Virginia Clark, a truck driver for nearly 40 years and member of Teamsters Local 710, loves trucking and thinks it is a great potential career for women. But she also knows all-too-well about the dangers women who work behind the wheel face.
She’s been harassed by a former boss and feared for her safety while crisscrossing the country. And during that time, she’s gotten little support from the companies that employed her. But speaking during a U.S. Department of Labor-sponsored panel addressing sexual violence in trucking on Thursday, she said there has been one advocate on her side during her career – the Teamsters.
“What I would tell women who are looking to enter the industry is that you have to know your rights,” she said during a virtual event as part of a Day of Action to Promote Safety and Prevent Sexual Assault and Sexual Harassment in the Trucking Industry last Thursday. “And the only way to hold your employer accountable and have power in your workplace is to be union.”
The Teamsters, Clark stated, also explained how to navigate the grievance process, including proper documentation and how to file a complaint with the Equal Employment Opportunity Commission if necessary. Without the union, she said, she doesn’t know if she would have been able to handle the harassment she faced on the job.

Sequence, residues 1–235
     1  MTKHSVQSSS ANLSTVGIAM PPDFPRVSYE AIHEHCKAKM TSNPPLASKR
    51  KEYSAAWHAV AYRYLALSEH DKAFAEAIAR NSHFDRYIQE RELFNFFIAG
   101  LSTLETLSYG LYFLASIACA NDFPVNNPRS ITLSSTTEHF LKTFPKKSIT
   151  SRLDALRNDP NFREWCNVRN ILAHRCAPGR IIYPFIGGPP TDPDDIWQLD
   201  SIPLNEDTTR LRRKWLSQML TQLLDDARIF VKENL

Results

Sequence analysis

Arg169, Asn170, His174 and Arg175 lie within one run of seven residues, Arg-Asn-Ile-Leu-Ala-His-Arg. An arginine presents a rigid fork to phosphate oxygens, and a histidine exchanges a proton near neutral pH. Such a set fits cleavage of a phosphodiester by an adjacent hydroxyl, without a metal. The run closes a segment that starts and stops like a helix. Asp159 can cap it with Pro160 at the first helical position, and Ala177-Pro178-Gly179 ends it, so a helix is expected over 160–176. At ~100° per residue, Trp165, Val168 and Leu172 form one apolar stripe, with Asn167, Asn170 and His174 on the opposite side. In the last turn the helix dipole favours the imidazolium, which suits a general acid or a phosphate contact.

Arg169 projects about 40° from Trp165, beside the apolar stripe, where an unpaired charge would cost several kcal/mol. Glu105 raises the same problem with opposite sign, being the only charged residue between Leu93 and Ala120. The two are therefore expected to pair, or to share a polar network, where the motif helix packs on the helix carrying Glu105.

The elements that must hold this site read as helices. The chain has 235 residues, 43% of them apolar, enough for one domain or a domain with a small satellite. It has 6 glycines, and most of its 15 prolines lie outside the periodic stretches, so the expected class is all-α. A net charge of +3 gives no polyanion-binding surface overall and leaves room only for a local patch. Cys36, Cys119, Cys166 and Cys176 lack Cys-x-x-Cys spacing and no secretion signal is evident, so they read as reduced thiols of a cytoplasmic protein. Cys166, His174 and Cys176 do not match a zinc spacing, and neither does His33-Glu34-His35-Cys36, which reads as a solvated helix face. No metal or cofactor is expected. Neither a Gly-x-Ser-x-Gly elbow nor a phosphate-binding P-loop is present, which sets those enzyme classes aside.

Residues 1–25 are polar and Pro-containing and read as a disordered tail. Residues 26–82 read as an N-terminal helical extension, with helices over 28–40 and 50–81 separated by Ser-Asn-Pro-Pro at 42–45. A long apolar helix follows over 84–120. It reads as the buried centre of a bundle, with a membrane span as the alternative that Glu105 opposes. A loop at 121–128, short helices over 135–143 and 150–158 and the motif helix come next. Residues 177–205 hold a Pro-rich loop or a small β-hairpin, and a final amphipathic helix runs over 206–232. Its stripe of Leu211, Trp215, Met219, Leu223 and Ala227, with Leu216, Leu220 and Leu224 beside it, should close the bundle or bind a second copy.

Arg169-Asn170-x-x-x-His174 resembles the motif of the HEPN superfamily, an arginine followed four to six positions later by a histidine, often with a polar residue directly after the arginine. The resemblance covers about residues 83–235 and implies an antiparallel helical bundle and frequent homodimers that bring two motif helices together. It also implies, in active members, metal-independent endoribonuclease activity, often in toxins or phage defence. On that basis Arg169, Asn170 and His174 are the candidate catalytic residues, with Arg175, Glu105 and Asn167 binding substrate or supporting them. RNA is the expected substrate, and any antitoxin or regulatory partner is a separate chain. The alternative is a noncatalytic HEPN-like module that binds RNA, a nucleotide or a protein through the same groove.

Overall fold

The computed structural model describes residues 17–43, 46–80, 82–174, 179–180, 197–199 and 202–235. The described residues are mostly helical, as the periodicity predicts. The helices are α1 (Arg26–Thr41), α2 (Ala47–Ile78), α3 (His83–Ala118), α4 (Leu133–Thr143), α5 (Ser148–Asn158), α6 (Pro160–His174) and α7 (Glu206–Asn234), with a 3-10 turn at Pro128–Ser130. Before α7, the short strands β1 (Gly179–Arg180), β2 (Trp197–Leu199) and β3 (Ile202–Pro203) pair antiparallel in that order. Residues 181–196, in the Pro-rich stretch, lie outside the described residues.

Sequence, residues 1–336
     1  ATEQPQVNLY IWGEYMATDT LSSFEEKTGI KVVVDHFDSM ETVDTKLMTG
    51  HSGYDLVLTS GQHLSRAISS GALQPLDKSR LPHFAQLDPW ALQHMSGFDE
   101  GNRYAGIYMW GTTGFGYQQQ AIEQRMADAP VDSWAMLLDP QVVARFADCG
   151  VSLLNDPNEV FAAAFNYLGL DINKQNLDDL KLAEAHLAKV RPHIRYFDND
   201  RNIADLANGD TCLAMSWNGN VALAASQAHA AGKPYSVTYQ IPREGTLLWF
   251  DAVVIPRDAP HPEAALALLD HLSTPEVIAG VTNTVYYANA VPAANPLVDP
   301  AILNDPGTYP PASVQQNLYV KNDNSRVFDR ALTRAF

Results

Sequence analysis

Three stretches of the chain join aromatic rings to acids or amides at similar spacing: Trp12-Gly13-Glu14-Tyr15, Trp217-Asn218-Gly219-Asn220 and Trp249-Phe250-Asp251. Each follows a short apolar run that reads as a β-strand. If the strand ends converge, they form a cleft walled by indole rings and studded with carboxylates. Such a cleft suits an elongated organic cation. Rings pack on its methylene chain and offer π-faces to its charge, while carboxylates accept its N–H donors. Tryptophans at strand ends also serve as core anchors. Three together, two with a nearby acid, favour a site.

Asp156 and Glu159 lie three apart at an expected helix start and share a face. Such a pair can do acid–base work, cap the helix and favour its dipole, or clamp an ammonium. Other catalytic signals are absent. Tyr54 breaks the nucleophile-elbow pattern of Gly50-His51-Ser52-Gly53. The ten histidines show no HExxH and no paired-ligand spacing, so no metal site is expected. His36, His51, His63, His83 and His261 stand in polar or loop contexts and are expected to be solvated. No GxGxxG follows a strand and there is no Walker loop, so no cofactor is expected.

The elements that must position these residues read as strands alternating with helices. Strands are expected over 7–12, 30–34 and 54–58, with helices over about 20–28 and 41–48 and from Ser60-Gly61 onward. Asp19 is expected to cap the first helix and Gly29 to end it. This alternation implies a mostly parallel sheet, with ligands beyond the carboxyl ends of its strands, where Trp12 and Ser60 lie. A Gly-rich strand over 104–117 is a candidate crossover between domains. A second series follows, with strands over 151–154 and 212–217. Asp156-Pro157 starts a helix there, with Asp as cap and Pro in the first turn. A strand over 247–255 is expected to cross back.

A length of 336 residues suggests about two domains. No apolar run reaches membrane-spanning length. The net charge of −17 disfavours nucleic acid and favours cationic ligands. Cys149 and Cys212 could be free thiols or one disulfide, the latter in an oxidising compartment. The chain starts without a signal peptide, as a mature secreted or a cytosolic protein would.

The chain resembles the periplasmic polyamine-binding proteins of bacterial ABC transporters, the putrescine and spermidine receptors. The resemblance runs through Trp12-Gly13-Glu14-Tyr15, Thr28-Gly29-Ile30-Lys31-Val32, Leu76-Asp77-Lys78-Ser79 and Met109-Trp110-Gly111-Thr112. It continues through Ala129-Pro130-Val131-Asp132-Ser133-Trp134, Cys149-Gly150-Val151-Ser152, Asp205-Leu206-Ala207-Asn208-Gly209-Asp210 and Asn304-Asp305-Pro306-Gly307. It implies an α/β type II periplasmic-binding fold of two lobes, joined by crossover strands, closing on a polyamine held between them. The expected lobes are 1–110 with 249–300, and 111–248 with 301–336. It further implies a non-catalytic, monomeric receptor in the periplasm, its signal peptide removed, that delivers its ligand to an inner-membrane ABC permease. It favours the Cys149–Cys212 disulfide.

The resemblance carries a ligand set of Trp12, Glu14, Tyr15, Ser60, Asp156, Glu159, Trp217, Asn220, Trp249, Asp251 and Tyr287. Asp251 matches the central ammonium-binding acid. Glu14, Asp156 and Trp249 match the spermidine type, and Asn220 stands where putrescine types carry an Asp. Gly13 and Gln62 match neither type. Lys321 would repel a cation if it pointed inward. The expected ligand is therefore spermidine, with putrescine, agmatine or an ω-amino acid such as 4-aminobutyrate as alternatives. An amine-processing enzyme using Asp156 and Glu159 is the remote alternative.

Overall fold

Others shared stories of feeling unsafe on the job and carrying stun guns with them because of it. And that’s not surprising, Del. Eleanor Holmes Norton (D-D.C.) stated, given the statistics. She noted that 92 percent of female truckers have been victims of sexual harassment on the job.
“That is certainly unacceptable,” the Chairwoman of the House Highway and Transit Subcommittee said.
In an effort change such behaviors, Norton is calling for the creation of a national commission to combat sexual harassment. The commission would issue best practices and punish bad actors. The goal would be to address issues in an affirmative way instead of waiting until complaints are filed.
“I hope we dismantle the cultural norms so we can take this on,” she said.
Robin Runge of Futures Without Violence said that the trucking industry needs to step up to help if harassment and violence against female drivers is to be stopped. And that begins with corporate accountability to make sure such behavior isn’t tolerated so women truckers feel safe and comfortable on the job.
“There are unique risk factors that happen with truckers,” she said. “They are out there alone.”
Clark may be alone when she’s on the road. But she has the power and strength of the Teamsters that have her back.